For three months, Ivy Tech and IU students were engaged in a series of theatre workshops facilitated by several different theatre educator artists. Among them IU Professor Emeritus Dr. James E. Mumford, Dr. Lili Medina and New York City professional artists/educators Dr. Jodi Vanderhorn-Gibson and Denis A. Allen.

“Students explored the ways race, ethnicity, prejudice, class, gender, and religion affect their lives,” Dr. Weltsek said. “We used arts-based engagements such as dance, voice, visual arts, media arts, applied theatre and Theatre of the Oppressed strategies to explore these complex and sometimes tension-filled issues. These explorations became the bases for the creation of our original production. ”

“Integration of arts into the curriculum is one way that Ivy Tech fulfills its mission as a comprehensive community college,” said Ivy Tech-Bloomington Chancellor John Whikehart. “Theatre courses are a new offering at our campus, along with the Associate of Fine Arts degree program. Almost 55% of Ivy Tech-Bloomington students enroll with the intent to transfer to a four-year institution, which is one of the reasons we provide courses in the arts that transfer.”

About Ivy Tech Community College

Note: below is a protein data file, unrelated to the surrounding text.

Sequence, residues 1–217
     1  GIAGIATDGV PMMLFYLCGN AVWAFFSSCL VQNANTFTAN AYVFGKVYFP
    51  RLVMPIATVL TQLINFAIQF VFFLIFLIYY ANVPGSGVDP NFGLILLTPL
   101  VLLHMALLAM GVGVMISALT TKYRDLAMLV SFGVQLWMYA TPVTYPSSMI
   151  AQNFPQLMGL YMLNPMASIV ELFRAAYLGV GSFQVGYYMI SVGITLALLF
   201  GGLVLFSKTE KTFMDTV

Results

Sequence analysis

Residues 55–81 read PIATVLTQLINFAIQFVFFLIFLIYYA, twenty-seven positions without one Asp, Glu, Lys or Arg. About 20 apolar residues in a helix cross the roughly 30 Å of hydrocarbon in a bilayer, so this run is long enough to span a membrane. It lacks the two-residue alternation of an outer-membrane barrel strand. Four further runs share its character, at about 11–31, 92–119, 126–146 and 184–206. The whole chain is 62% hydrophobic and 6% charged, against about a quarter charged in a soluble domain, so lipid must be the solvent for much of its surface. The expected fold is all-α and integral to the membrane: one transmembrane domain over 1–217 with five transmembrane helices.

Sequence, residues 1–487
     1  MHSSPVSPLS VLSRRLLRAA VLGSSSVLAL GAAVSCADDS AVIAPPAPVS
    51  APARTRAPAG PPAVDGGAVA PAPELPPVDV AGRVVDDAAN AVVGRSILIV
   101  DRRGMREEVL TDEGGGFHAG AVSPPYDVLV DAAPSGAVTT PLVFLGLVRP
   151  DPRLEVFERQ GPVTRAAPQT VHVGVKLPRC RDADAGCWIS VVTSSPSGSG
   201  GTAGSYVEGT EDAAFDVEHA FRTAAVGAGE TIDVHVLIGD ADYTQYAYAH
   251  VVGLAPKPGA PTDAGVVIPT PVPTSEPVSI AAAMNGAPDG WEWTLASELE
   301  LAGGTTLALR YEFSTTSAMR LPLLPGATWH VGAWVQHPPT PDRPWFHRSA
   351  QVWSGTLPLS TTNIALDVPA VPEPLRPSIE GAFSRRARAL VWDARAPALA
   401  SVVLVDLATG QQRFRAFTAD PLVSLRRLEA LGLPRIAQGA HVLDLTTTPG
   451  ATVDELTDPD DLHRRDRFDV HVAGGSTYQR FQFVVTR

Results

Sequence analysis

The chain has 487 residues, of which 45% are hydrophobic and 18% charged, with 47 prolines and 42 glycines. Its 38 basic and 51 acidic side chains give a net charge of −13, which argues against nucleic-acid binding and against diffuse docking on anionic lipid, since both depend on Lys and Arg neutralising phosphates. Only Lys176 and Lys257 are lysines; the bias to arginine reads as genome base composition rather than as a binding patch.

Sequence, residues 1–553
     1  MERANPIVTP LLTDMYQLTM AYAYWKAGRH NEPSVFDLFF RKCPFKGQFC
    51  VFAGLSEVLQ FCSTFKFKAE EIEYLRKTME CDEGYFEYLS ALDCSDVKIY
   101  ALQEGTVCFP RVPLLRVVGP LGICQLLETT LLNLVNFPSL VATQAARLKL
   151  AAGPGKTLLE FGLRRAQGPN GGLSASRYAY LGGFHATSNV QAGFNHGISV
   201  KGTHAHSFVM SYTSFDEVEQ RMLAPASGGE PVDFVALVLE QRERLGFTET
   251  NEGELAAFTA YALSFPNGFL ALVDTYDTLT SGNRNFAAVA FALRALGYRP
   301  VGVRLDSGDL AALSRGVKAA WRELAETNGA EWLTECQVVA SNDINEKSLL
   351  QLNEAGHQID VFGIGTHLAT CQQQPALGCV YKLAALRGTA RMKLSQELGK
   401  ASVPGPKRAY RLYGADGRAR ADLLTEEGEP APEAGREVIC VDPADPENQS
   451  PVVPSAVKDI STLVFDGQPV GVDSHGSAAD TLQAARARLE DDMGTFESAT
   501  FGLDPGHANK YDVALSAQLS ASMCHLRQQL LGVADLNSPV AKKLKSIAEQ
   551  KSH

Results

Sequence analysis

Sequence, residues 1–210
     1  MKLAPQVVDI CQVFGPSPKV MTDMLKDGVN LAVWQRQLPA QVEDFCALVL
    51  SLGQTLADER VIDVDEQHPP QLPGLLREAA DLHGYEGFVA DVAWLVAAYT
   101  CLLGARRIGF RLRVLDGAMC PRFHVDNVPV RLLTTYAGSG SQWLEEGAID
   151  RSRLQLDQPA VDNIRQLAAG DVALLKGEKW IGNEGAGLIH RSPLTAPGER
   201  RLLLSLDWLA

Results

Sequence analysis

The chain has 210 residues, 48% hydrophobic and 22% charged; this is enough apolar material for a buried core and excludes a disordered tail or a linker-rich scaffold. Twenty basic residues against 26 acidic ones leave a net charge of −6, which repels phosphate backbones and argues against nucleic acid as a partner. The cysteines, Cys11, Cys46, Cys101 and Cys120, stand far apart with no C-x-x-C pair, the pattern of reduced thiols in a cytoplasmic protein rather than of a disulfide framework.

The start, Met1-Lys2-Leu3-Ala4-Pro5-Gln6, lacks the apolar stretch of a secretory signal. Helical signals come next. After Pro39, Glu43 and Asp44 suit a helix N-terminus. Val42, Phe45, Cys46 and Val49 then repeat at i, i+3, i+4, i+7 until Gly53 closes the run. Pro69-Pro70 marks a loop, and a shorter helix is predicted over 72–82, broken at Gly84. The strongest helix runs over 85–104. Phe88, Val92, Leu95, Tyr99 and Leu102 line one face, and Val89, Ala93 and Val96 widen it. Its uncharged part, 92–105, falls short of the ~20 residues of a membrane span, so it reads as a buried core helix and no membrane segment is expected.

Ivy Tech Community College (www.ivytech.edu) is the state’s largest public postsecondary institution and the nation’s largest singly accredited statewide community college system serving nearly 200,000 students annually. Ivy Tech has campuses throughout Indiana. It serves as the state’s engine of workforce development, offering affordable degree programs and training that are aligned with the needs of its community along with courses and programs that transfer to other colleges and universities in Indiana. It is accredited by the Higher Learning Commission and a member of the North Central Association.

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Ivy Tech-Bloomington volunteers in community on MLK Jr. Day

FOR IMMEDIATE RELEASE
January 8, 2013

Ivy Tech-Bloomington volunteers in community on MLK Jr. Day

 In the tradition of coming together to serve our communities on Dr. Martin Luther King Jr. Day, Ivy Tech-Bloomington will have volunteers at various area locations on Dr. MLK Jr. Day, Monday, January 14, 2013.

Approximately 50 students, faculty, and staff are expected to volunteer their time to four non-profit organizations. Organizations include Habitat for Humanity ReStore, Monroe County Public Library, Pages to Prisoners, and Pets Alive.

At Habitat ReStore, volunteers will perform various tasks ranging from skilled electrical work to sorting book donations. Ivy Tech volunteers at the Monroe County Public Library will assist with hosting a children’s, educational King Day event. At Pages to Prisoners, volunteers will be reading letters and filling requests from inmates around the state who are requesting books. Items will be packaged for shipping. Pets Alive volunteers will assist the organization by hanging door hangers on 2,000 homes to spread the word about their recent reduction in cost to spay/neuter pets of Crestmont residents and residents in neighborhoods of Stinesville.

Dr. MLK Jr. Day volunteer project coordination is hosted by the Ivy Tech Center for Civic Engagement (www.ivytech.edu/civicengagement).

About Ivy Tech Community College